10 States to Thank for Driving the Clean Energy Revolution
By John Rogers
Clean energy has been having a really good run in recent years: costs falling, scale skyrocketing, millions of people enjoying its benefits. And the future is looking bright in a lot of ways, with technologies, customers and policies coming together in beautiful harmony for a whole lot more progress to come.
When it comes to the role of our 50 states in creating this great clean energy momentum, which ones do we have to thank? That's what the new Clean Energy Momentum State Ranking from the Union of Concerned Scientists set out to discover. As for how to figure out who's tops, that title says it all … if you just look at each piece.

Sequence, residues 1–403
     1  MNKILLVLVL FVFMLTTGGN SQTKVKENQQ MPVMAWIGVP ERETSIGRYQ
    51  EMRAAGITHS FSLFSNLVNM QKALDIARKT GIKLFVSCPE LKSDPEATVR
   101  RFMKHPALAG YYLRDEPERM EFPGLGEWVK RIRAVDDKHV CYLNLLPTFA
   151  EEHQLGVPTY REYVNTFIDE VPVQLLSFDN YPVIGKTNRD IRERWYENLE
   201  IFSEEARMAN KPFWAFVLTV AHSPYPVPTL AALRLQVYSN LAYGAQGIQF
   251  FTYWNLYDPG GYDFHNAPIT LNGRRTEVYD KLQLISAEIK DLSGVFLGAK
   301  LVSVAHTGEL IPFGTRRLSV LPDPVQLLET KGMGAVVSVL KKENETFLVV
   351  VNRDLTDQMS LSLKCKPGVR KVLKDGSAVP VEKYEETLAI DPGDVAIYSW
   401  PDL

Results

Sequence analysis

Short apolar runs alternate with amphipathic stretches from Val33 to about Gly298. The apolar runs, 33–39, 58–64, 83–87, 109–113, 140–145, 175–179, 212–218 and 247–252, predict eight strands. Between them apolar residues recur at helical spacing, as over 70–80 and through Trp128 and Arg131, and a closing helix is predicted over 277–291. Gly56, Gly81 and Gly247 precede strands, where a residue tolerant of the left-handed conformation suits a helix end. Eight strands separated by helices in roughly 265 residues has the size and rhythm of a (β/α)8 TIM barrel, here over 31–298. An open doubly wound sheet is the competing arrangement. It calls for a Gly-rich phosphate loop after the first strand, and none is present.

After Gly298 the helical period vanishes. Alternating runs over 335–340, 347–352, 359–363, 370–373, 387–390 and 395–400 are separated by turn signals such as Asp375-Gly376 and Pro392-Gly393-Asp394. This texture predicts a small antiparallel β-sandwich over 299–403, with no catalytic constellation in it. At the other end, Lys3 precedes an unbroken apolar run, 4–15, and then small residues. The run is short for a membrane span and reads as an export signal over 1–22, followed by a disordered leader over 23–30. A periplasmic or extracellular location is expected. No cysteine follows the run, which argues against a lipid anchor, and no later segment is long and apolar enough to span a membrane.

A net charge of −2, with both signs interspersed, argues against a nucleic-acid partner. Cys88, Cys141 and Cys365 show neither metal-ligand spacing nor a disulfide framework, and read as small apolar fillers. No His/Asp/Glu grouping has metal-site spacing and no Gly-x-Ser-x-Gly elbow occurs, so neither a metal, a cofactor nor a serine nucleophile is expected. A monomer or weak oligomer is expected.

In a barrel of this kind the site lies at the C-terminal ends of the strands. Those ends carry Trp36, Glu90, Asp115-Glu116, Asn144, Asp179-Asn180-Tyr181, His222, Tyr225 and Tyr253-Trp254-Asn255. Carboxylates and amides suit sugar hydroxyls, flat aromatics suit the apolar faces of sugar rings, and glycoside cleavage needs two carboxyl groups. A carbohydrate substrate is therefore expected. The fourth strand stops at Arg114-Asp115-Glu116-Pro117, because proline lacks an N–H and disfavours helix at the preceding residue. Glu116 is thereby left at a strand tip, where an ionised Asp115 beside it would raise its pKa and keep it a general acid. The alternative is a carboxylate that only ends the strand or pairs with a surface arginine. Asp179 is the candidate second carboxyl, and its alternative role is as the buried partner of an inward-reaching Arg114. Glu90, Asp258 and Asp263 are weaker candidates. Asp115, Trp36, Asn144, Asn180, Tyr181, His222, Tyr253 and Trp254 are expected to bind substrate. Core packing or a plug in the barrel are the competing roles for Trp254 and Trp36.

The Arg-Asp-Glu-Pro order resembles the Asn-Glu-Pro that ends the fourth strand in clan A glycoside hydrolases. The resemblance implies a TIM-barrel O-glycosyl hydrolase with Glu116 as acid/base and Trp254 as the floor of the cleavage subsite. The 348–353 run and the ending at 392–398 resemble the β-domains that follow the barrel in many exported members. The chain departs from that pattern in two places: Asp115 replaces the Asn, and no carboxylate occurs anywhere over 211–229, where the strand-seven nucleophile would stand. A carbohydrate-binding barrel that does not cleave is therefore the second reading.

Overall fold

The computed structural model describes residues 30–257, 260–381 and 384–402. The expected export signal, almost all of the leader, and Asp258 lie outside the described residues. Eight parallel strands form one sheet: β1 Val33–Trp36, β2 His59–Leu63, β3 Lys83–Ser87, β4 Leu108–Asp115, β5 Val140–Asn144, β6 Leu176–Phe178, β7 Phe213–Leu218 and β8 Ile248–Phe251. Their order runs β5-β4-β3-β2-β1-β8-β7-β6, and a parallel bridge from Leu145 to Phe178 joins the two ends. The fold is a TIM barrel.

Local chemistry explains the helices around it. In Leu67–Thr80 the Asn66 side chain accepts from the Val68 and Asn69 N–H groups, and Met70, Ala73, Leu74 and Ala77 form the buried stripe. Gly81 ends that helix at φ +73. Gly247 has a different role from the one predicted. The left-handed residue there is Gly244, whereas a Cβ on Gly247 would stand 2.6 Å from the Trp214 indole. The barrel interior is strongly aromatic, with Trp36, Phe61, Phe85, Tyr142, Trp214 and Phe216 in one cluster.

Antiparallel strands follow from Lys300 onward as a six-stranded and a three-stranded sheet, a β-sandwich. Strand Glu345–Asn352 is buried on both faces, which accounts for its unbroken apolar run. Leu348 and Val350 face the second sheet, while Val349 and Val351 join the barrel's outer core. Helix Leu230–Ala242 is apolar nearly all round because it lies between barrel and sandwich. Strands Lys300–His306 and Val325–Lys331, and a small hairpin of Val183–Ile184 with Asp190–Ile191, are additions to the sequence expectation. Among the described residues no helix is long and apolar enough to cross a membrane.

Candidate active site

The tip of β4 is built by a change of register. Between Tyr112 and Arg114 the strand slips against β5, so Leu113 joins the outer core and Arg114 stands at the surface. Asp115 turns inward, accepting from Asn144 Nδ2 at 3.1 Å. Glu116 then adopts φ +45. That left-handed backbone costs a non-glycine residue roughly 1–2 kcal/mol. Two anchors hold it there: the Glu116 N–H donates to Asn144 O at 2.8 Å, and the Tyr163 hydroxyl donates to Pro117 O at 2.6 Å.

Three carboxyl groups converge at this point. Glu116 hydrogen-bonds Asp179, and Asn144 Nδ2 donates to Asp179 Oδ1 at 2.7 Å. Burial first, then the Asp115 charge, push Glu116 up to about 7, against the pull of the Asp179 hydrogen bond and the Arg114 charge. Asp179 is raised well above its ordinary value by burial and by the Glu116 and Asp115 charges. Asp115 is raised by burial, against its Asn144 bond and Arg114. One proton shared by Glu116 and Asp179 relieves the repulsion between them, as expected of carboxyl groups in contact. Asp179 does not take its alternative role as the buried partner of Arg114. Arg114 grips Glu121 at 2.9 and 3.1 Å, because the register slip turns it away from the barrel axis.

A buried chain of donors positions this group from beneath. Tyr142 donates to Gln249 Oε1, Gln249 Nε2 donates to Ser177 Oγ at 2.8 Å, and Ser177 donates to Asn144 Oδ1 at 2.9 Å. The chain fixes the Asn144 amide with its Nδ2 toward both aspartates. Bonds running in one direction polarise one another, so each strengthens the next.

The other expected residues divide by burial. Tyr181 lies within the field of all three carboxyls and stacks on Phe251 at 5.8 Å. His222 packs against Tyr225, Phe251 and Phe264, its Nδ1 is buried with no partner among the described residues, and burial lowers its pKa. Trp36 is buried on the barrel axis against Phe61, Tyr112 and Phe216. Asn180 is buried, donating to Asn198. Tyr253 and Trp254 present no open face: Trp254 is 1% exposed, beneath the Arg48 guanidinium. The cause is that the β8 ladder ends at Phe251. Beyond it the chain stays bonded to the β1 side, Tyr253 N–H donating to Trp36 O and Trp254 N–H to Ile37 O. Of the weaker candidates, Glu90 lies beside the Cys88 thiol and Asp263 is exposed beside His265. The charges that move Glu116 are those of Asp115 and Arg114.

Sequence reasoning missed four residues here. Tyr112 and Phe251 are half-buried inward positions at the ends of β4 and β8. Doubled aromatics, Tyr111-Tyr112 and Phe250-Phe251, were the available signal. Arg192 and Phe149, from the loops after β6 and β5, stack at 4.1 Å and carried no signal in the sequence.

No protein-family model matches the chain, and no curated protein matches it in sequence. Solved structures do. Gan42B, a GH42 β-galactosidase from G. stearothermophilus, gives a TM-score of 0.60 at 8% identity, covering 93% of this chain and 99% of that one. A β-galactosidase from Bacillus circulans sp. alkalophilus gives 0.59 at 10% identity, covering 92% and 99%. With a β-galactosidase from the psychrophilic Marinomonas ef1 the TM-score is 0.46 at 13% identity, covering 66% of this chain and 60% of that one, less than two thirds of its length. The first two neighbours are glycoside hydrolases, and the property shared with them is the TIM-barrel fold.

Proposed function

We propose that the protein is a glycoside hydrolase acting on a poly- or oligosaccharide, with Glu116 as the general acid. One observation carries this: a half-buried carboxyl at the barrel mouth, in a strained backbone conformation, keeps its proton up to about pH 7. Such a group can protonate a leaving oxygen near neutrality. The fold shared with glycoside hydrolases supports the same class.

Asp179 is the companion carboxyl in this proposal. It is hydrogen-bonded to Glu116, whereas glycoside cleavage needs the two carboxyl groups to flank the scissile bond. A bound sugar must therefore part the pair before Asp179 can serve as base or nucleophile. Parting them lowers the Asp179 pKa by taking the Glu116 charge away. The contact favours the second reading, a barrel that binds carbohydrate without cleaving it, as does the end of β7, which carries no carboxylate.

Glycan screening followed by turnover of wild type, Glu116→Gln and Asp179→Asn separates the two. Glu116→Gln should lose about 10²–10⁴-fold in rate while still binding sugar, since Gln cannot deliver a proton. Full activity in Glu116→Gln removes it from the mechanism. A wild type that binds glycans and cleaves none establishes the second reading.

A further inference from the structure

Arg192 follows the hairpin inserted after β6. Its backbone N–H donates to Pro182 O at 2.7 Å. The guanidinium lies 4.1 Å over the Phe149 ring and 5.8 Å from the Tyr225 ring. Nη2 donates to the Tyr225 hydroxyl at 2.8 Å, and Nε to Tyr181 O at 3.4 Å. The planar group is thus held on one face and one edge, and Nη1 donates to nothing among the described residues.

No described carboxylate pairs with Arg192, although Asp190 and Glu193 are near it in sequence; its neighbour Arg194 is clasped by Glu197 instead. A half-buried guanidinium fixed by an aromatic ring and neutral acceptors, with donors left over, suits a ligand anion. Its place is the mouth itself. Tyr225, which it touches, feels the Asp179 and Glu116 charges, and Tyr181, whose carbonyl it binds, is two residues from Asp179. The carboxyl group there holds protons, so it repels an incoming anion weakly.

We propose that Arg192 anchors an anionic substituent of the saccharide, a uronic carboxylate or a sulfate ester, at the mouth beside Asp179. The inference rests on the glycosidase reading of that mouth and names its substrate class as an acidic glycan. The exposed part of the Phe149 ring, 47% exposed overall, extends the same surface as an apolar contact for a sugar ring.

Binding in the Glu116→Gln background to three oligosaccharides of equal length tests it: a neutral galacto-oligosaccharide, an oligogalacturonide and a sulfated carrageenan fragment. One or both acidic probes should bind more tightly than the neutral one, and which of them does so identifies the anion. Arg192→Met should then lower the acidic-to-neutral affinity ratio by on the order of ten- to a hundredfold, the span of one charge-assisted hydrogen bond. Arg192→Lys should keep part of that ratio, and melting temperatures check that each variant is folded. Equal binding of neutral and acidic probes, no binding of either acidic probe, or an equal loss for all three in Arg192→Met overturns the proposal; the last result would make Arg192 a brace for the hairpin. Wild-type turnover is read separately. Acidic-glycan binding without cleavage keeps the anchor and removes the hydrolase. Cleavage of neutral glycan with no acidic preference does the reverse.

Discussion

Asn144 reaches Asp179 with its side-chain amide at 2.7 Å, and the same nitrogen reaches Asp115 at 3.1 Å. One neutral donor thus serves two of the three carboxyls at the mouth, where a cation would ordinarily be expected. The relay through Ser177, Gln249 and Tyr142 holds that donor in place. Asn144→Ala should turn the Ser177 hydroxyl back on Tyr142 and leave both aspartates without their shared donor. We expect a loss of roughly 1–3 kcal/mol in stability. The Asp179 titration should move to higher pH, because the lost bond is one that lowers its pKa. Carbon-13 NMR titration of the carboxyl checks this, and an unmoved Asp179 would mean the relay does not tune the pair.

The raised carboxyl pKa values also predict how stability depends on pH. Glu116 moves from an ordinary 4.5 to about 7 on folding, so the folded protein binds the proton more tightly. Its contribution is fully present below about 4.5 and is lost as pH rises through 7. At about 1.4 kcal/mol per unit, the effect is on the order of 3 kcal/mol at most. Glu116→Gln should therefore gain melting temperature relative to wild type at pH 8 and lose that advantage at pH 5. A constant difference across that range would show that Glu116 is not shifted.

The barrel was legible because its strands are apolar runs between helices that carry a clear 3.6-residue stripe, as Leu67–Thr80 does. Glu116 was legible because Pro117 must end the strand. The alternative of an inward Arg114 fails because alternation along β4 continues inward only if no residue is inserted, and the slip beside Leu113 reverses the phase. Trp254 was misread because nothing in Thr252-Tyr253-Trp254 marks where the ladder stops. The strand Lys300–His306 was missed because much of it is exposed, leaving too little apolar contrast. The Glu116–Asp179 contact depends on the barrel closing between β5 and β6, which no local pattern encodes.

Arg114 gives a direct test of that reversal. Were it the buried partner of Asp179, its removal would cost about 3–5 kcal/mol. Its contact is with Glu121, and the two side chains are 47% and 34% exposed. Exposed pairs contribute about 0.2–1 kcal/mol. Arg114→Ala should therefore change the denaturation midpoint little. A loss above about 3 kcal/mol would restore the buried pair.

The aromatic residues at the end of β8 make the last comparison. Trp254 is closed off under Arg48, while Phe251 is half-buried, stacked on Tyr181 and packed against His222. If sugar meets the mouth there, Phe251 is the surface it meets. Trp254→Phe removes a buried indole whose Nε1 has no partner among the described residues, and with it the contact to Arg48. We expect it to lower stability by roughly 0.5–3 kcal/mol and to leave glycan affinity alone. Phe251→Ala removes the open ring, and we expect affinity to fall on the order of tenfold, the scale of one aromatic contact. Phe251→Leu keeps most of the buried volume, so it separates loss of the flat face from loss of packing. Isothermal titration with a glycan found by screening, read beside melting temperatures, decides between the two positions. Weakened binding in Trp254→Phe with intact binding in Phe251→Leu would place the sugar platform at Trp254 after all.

Let's break it down, build it up and see what we get. (And some of the answers just might surprise you.)
Gauging Leadership on Clean Energy Momentum
The map gives a sneak peek at the results from the new analysis.
And here's how the pieces of the title come into play:
Clean energy. Our focus was the electricity sector, but that turns out to include a range of pieces, and it's important to think about the multiple dimensions of "clean energy":
- Renewable energy—wind, solar, geothermal, hydroelectric and bioenergy—is an obvious component, but certainly not the only one.
- Energy efficiency figures in strongly in terms of how we make progress: Doing more with every electron means needing less electricity from some of our dirtiest sources, and having our renewable electricity take us further.
- Transportation electrification is an increasingly important piece of the power sector picture, and cleaning things up. For most U.S. drivers, electric vehicles (EVs) give strong environmental benefits. And those benefits are going to keep going up as the country's electricity mix gets cleaner.